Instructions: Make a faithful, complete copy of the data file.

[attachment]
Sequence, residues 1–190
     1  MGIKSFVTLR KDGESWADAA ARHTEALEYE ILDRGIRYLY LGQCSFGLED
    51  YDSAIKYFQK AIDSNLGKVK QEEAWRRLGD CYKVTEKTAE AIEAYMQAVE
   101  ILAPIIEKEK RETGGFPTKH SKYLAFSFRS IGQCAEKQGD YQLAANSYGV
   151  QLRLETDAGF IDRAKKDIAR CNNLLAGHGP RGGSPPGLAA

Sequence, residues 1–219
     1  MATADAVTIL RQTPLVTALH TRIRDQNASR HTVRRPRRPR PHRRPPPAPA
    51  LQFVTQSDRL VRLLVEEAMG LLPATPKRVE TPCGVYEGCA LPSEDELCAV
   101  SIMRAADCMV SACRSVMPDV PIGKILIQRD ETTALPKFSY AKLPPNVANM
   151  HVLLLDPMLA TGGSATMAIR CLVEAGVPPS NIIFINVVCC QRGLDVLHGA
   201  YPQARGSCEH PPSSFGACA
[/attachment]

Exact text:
Sequence, residues 1–190
     1  MGIKSFVTLR KDGESWADAA ARHTEALEYE ILDRGIRYLY LGQCSFGLED
    51  YDSAIKYFQK AIDSNLGKVK QEEAWRRLGD CYKVTEKTAE AIEAYMQAVE
   101  ILAPIIEKEK RETGGFPTKH SKYLAFSFRS IGQCAEKQGD YQLAANSYGV
   151  QLRLETDAGF IDRAKKDIAR CNNLLAGHGP RGGSPPGLAA

Sequence, residues 1–219
     1  MATADAVTIL RQTPLVTALH TRIRDQNASR HTVRRPRRPR PHRRPPPAPA
    51  LQFVTQSDRL VRLLVEEAMG LLPATPKRVE TPCGVYEGCA LPSEDELCAV
   101  SIMRAADCMV SACRSVMPDV PIGKILIQRD ETTALPKFSY AKLPPNVANM
   151  HVLLLDPMLA TGGSATMAIR CLVEAGVPPS NIIFINVVCC QRGLDVLHGA
   201  YPQARGSCEH PPSSFGACA